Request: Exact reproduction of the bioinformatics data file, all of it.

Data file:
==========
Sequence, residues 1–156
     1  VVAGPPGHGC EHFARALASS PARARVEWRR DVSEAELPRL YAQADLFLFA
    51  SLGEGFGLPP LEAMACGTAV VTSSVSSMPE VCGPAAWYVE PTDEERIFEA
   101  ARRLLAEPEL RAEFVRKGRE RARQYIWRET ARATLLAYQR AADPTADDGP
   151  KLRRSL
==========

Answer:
Sequence, residues 1–156
     1  VVAGPPGHGC EHFARALASS PARARVEWRR DVSEAELPRL YAQADLFLFA
    51  SLGEGFGLPP LEAMACGTAV VTSSVSSMPE VCGPAAWYVE PTDEERIFEA
   101  ARRLLAEPEL RAEFVRKGRE RARQYIWRET ARATLLAYQR AADPTADDGP
   151  KLRRSL